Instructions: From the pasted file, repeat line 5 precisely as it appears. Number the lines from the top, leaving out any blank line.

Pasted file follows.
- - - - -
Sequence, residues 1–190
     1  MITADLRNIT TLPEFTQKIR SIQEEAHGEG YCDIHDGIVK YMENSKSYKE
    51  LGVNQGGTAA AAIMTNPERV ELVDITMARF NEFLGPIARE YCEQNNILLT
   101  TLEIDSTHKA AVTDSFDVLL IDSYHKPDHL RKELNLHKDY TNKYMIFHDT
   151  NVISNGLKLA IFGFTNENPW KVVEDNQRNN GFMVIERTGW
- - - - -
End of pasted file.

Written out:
   151  NVISNGLKLA IFGFTNENPW KVVEDNQRNN GFMVIERTGW